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What is a Pip in Trading?

Here is a complete guide about a pip in trading. If you have spent years in the field of trading, you must have been managing many accounts or working on the stocks. At some point, you are expected to display patience and move on from your trading lessons from the beginning. A pip, or a trader who is adept in reducing the decline of his / her trades, is a leading indicator for success in the market. 

What is a Pip? 

Let’s start with the obvious question: what is a Pip in Trading? A pip is a loss against a win. At the end of every trading session, the trader performs a trade where the ratio of the gain to loss is the lowest. A trader experiencing this kind of a ratio is said to be in a trading position which may not be the best. This is because the trader is bearing the risk of the buy and sell of his positions. 

The Strong Case for Buying a Pip: 

If the ratio of gains to losses is too low, one can expect higher profit in the subsequent trades as the trader seems to be on the right track. It is a common theory that for a trader who is able to take care of these situations that he is confronted with, he can reap a good profit.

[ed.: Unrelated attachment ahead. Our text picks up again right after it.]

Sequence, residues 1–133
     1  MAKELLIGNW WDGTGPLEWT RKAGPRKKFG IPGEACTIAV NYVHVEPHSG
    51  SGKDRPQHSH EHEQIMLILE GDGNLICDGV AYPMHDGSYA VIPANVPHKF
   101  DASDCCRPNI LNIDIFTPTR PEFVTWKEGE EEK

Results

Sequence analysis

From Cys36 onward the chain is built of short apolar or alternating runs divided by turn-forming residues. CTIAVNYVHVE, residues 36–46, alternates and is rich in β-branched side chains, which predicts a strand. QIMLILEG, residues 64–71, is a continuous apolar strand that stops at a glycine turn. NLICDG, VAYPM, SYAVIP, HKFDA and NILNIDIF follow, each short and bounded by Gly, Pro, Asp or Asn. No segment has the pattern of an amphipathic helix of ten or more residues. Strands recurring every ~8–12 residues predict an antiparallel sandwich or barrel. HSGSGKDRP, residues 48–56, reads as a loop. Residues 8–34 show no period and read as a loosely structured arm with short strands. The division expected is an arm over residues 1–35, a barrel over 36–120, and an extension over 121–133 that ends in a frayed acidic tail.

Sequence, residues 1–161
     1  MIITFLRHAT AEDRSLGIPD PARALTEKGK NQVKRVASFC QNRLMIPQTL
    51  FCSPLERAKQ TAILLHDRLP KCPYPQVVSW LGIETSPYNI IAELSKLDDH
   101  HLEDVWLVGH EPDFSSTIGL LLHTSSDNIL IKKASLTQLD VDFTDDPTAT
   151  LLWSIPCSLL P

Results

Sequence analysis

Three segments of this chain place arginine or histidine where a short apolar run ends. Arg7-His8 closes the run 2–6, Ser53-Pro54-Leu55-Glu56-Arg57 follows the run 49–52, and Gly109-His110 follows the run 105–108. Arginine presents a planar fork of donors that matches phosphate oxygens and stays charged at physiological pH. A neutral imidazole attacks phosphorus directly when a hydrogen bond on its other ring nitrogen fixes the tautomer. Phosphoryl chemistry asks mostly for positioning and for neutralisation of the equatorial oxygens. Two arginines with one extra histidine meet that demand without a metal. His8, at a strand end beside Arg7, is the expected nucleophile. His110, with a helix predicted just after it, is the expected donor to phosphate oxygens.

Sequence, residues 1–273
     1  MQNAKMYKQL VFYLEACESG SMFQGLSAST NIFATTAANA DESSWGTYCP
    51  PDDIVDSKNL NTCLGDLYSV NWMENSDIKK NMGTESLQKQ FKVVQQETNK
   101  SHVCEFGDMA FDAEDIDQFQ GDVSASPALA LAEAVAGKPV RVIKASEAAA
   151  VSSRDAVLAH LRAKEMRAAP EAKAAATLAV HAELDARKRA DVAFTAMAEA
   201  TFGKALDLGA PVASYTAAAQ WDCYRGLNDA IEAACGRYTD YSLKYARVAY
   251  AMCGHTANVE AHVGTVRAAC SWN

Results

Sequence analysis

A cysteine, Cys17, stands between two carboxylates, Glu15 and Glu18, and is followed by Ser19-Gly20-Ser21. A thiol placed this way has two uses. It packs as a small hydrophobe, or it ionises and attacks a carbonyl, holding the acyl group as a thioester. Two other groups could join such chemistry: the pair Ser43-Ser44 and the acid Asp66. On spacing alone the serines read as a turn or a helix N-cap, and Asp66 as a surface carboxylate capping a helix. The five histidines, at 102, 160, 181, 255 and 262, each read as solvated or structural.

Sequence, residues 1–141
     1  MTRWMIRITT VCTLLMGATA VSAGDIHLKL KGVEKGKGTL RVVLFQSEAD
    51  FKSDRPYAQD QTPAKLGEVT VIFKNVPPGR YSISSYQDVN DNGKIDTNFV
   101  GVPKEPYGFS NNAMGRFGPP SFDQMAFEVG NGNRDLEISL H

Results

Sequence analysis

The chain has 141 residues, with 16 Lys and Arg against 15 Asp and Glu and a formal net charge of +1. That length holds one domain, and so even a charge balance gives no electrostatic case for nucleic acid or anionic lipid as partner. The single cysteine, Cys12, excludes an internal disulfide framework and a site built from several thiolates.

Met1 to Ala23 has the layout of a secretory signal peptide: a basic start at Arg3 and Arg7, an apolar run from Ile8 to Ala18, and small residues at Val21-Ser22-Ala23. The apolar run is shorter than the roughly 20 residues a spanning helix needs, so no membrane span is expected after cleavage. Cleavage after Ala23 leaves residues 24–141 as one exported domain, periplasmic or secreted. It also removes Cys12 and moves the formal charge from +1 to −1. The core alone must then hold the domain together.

There are certain strategies where a trader can buy a pip and combine it with his existing position for enhanced profits. For example, a trader who is in a bearish trend can buy a pip where the ratio of gains to losses is the highest and add it to his existing position. This strategy can potentially be a wise one. 

  • Selling a Pip: 

Another strategy is selling the pip. An example of selling a pip would be if the ratio is greater than 3:1. In this case, the trader can lock the profit and lock the loss in the security while increasing his risk. The trader will need to follow this trend and use it for the next trade or stock. A risk-taking trader can take such a risk because of the big profits that are expected in a short time. A final point to take note of is that if the current position becomes a pip within a week, the trader needs to hold the position for at least a month to accumulate the profit. 

A trader can identify a pip when the ratio between the gain and loss is very close to 3:1. Sometimes, these trades are not profitable, however, it is better to own this type of position because it is only a matter of time that the investor will realize the profit. 

Disadvantage of a Pip: 

The disadvantage of a pip is that there is a risk of using it for long-term positions. A bull run will lead to a quick loss if you are not in a position to avoid taking the risk of a falling market. 

Conclusion:

When choosing the position, it is important to understand the risk of trading a pip. If you do not manage your risk properly, you might not be able to pull off the trade. It is not wise to attempt a trade when the ratio between gains and losses is lower than 3:1 or is equal to 4:1.

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